- Diabetes Genes
- Tests for Diabetes Subtypes
- Targeted Next Generation Sequencing
Targeted Next Generation Sequencing
Analysis of 71 Monogenic Diabetes Genes
The Exeter Molecular Genetics Laboratory offers a customised, targeted next generation sequencing capture assay for variant analysis of 71 known/putative monogenic diabetes genes and 6 mitochondrial DNA (mtDNA) variants associated with diabetes. Analysis of a sub-set of genes is performed for paediatric and early adult onset diabetes (including MODY and insulin resistance disorders), neonatal diabetes and autoimmune forms of neonatal diabetes.
For patients with paediatric and early adult onset diabetes a panel of 39 genes is sequenced that includes 11 MODY genes (ABCC8, APPL1, GCK, HNF1A, HNF4A, INS, KCNJ11, NEUROD1, PDX1, RFX6 and ZFP57), 19 genes where diabetes occurs as part of a syndrome (CEL, CISD2, DCAF17, DNAJC3, DUT, DYRK1B, GATA4, GATA6, HNF1B, MANF, MAFA, PAX6, PCBD1, PIK3R1, PPP1R15B, SLC29A3, TRMT10A, WFS1, ZBTB20), 9 genes where pathogenic variants cause diabetes through severe insulin resistance with or without partial lipodystrophy (AKT2, CIDEC, INSR, LIPE, LMNA, PLIN1, POLD1, PPARG and ZMPSTE24) and the mtDNA variants m.3243A>G, m.8344A>G, m.12258C>A, m.12271T>C, m.14684C>T and m.14709T>C causing mitochondrial diabetes.
A panel of 35 genes is sequenced for patients diagnosed with neonatal diabetes under the age of 6 months (ABCC8, AGPAT2, BSCL2, CISD2, CNOT1, COQ2, COQ9, EIF2B1, EIF2S3, EIF2AK3, FOXP3, GATA4, GATA6, GCK, GLIS3, HNF1B, IER3IP1, IL2RA, INS, INSR, KCNJ11, LPL, LRBA, MNX1, NEUROD1, NEUROG3, NKX2-2, PDX1, PTF1A (coding and distal enhancer regions), RFX6, SLC19A2, SLC2A2, STAT3, WFS1 and ZFP57) and a panel of 15 genes is sequenced for patients with neonatal diabetes and autoimmune disease (AIRE, CTLA4, DOCK8, FOXP3, IL2RA, ITCH, JAK1, LRBA, NFKB1, SIRT1, SLC29A3, STAT1, STAT3, STAT5B and TNFAIP3).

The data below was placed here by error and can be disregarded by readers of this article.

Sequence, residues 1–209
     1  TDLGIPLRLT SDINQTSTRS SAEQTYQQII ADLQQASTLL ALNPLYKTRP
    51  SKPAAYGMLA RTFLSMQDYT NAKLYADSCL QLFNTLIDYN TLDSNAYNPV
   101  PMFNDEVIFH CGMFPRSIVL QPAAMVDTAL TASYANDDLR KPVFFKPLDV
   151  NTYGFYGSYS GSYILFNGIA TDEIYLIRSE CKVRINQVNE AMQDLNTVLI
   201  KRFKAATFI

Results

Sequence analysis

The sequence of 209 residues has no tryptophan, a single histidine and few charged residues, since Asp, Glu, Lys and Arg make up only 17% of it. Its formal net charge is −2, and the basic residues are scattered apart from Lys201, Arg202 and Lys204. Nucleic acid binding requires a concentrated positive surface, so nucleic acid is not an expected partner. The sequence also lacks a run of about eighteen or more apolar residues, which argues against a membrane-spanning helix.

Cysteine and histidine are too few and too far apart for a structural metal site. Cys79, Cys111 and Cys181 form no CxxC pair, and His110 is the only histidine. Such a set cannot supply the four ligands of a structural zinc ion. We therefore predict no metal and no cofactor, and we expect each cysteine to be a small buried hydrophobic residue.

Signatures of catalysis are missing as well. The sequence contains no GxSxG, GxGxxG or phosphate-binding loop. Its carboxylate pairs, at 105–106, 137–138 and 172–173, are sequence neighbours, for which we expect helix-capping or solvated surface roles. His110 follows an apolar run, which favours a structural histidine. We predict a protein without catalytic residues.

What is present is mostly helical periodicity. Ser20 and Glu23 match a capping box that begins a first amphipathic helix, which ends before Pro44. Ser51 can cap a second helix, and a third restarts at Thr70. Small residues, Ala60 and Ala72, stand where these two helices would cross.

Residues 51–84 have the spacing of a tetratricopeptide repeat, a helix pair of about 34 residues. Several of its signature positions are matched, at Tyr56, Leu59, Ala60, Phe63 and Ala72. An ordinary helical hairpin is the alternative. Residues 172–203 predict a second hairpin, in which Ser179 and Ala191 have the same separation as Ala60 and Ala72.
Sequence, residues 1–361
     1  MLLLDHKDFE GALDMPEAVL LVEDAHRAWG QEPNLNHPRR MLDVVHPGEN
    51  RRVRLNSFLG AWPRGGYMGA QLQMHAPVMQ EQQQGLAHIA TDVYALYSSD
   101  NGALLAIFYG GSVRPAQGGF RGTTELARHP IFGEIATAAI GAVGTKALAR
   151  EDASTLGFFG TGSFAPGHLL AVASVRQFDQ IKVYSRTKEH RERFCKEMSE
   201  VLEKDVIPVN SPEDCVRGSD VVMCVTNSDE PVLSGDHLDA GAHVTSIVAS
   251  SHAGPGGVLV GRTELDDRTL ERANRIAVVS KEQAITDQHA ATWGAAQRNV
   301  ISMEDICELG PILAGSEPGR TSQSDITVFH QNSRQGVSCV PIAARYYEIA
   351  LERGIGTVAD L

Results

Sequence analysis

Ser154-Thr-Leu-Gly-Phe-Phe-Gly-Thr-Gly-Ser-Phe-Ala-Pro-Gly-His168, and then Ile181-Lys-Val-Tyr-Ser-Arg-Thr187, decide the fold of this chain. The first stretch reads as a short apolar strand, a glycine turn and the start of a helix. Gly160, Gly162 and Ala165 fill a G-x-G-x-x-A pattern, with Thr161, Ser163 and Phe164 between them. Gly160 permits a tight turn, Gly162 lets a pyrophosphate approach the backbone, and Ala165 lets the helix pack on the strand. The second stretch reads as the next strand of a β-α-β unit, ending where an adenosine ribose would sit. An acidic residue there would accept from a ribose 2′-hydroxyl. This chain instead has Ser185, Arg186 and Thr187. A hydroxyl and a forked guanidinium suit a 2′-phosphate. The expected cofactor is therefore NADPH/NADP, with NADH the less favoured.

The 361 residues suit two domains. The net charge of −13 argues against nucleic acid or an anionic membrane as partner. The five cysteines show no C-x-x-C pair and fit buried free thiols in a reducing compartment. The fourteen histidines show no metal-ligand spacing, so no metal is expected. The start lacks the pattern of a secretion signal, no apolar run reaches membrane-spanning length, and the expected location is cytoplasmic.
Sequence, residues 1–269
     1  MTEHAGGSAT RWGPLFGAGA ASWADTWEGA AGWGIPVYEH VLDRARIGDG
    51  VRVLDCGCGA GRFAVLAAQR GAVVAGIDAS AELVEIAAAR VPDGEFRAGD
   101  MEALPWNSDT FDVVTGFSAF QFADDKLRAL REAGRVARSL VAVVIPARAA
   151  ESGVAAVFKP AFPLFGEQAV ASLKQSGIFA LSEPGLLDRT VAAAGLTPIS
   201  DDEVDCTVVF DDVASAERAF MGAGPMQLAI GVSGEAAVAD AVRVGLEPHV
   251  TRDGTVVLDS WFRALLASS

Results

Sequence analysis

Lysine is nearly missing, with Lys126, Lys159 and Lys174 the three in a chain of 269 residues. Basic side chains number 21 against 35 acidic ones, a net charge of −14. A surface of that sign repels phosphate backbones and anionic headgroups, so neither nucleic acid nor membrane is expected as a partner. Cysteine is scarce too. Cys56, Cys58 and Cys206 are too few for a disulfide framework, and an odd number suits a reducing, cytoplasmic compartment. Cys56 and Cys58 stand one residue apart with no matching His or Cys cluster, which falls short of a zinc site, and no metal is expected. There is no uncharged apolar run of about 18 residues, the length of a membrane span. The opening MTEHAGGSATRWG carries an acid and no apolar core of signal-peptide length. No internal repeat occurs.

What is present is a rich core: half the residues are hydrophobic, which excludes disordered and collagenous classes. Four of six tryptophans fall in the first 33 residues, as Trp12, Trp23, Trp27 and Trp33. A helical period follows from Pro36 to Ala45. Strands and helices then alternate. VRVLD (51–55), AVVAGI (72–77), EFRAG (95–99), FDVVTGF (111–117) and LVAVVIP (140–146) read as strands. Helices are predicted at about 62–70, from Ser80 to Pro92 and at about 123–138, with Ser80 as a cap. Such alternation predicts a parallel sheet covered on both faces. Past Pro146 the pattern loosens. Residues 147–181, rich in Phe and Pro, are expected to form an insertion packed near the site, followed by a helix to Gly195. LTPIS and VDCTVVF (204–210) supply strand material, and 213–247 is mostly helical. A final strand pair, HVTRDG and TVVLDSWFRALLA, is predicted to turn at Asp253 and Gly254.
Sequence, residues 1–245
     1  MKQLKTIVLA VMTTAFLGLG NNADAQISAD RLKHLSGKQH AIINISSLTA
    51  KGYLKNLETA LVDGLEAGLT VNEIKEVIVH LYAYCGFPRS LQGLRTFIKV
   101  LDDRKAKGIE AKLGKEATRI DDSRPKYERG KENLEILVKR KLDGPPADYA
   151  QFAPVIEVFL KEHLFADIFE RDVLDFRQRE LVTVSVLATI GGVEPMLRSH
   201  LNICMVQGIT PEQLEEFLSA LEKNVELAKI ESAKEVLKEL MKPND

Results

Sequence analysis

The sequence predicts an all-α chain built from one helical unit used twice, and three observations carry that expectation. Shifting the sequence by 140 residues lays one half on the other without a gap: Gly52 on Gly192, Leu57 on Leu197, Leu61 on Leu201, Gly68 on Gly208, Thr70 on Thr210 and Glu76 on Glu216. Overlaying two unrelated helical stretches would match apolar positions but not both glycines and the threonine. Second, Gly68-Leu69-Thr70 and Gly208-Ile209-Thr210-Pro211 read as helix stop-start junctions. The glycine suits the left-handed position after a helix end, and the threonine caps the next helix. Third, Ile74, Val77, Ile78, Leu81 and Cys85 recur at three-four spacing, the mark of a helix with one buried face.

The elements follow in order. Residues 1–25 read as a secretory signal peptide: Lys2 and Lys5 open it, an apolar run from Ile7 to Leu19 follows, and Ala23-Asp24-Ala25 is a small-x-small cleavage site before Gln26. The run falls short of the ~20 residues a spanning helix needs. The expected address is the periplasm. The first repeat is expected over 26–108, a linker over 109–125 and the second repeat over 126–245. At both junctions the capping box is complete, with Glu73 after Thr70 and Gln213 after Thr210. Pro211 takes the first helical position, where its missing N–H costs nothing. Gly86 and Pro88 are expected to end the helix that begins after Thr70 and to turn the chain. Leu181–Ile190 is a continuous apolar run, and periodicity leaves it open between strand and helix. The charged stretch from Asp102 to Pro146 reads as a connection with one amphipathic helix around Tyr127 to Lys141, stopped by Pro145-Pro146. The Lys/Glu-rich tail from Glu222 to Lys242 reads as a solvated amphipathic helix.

The targeted next generation sequencing assay “captures” the protein coding regions and conserved splice sites of the 71 monogenic diabetes genes and the regions of the mitochondrial genome containing the 6 mtDNA variants from the patient DNA samples by hybridisation. These DNA fragments are then amplified and sequenced on an Illumina NextSeq 500 or NextSeq 550 to generate multiple sequence reads per base.
5-10ml venous blood in plastic EDTA bottles or >5ug DNA
- Variant analysis of the genes listed above is carried out using a custom Twist Bioscience NGS target enrichment system and the Illumina NextSeq 500 or NextSeq 550 next generation sequencing platforms by:
- Sequence analysis of the coding regions and intronic regions located within 100 bp upstream and 60 bp downstream of each exon using 150bp paired end reads
- Dosage analysis for deletions, insertions and duplications of ≥30 nucleotides by relative read depth coverage using the ExomeDepth tool (Parrish et al 2017 Wellcome Open Res 2: 49)
- 99.4% of the analysed bases from 20 genes currently tested by Sanger sequencing are covered by a minimum of 30 reads (98.5% bases with ≥30 reads for all 71 genes). Low coverage of GATA6 exon 2 will be supplemented by Sanger sequencing for any patients with a cardiac malformation.
- More than 4000 samples have been tested to date. A validation series of 70 known single nucleotide variants/indels/exonic deletions or duplications demonstrated 100% sensitivity and specificity (Ellard et al 2013 Diabetologia 56: 1958-1963, open access available at http://dx.doi.org/10.1007/s00125-013-2962-5).
- Confirmation of complex insertion/deletion/duplication (indel) variants identified by tNGS is undertaken by Sanger sequencing for the purposes of ensuring that the correct nucleotide change is reported. Simple indels will be confirmed by visual inspection of mapped sequence reads using IGV and will not be confirmed by Sanger sequencing unless indicated otherwise (e.g. located in a region of repetitive DNA sequence or if evidence-based quality parameters are not met). Dosage analysis by MLPA or droplet digital PCR is performed to confirm larger partial and whole gene deletions (excluding the HNF1B gene deletion since no false positive deletions have been reported by this assay to date). Single nucleotide substitutions that meet evidence-based quality parameters will not be confirmed by Sanger sequencing. No false positive results have been reported by this assay to date.